Beverage Consumption in America
While orange was the most common type of fruit juice in America about fifty years ago due to is medicinal value in light of the prevention of scurvy, it is indubitable that the trend in fruit juice consumption has overly changed with time. Currently, fruit juice is the number one most common consumed type of beverage in the United States and despite certain health issues that are attributed to the consumption of fruit juices, the rate and volume of consumption of fruit juice continues to heighten, thanks to their nutritious, low fat and generally healthy nature.
The International Markets Bureau (2011) documents that, in 2010, fruit and vegetable juice worth about US$ 16 billion was consumed in the United States. While noting that the rate of growth of consumption of fruit juice in the United States has remained sluggish over the past few years (2.4%), the International Markets Bureau (2011) further asseverate that consumers are increasingly becoming health conscious, particularly towards sugared fruit and vegetable juices giving insight to why the consumption of fruit and vegetable in the health and wellness category have incessantly become more popular with a larger proportion of the American population. However, volume growth of fruit juices has been on a downward trend and is expected to decline even further. Also notable is the fact that the per capita consumption of fruit juices has declined greatly (-17%) over the last 10 years (NPD Group, 2011 as cited in The International Markets Bureau, 2011).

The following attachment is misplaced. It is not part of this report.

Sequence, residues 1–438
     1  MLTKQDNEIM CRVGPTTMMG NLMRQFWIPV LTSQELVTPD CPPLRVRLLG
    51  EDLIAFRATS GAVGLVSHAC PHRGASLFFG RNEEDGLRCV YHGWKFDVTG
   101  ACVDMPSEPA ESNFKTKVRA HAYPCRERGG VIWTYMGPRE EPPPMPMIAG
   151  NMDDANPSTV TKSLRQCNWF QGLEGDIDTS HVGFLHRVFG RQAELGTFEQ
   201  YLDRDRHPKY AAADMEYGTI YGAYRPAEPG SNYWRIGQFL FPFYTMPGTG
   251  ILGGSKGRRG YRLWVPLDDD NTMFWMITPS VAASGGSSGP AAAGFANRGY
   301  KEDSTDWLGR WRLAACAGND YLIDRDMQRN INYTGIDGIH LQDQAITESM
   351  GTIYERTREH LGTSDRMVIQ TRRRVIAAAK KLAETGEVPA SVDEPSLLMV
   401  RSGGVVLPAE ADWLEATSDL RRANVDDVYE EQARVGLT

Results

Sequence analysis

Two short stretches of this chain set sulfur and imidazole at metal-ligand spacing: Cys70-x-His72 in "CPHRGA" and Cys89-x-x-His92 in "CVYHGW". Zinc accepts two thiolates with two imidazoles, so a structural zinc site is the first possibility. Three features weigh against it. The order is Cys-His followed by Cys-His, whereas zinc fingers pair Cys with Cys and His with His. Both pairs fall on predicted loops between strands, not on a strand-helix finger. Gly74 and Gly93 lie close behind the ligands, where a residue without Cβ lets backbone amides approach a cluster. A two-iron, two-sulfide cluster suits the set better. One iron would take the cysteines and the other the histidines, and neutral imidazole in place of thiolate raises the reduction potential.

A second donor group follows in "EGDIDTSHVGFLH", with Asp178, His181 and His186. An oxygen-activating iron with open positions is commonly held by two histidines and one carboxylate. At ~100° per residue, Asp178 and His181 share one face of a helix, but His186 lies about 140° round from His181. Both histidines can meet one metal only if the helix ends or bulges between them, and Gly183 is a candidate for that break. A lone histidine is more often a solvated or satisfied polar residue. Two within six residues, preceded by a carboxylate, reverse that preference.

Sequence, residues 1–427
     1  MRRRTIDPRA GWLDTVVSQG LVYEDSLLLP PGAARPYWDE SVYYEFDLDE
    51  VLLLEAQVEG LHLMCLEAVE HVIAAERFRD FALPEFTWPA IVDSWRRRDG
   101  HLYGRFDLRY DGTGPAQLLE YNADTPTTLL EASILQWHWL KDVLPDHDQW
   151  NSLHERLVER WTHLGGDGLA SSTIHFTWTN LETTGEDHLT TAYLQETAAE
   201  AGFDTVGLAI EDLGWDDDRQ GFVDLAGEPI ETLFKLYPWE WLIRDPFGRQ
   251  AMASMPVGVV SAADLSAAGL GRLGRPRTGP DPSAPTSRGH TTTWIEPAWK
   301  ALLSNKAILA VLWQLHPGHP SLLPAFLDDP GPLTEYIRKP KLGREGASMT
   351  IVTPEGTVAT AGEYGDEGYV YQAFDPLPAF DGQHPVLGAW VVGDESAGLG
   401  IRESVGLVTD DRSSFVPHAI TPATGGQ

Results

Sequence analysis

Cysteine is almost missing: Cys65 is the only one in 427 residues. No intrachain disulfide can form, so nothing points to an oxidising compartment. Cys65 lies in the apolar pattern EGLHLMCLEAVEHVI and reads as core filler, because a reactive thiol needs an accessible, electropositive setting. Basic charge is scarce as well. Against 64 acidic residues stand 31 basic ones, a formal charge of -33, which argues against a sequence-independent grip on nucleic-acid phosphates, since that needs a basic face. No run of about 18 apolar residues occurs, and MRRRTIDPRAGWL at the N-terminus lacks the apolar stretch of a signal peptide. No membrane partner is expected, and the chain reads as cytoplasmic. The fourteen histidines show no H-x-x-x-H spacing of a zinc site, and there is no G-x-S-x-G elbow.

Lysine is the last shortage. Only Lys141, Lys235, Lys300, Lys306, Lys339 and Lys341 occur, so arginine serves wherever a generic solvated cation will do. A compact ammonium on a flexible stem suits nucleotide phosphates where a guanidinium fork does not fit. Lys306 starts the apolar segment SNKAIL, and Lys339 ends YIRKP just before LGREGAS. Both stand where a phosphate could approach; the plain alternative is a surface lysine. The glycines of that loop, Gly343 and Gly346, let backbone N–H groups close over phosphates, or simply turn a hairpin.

Apparently, orange juice is the most preferred type of fruit juice commanding a whopping 60% of the market share of fruit juices in the US. In 2010, close to US$ 9 billion worth of 100%-Orange juice was consumed in the US. Comparing apple juice to Orange juice consumption in the US, The International Markets Bureau (2011) writes that 59.9 % by volume of orange against apple juice’s 12.3% in 2010. Even in the previous years, orange juice was still the most preferred fruit juice (59.8%, 59.6% and 59.7% in the years 2007, 2008 and 2009 respectively) compared to apple juice whose statistics were 12.6%, 12.5% and 12.5% in the years 2007, 2008 and 2009 respectively (all percentages are by volume of fruit juices).
International Markets Bureau. (2011). Fruit Juice in the United States. World Indicator Report. Retrieved September 20, 2012, from http://www.ats-sea.agr.gc.ca/amr/pdf/6069-eng.pdf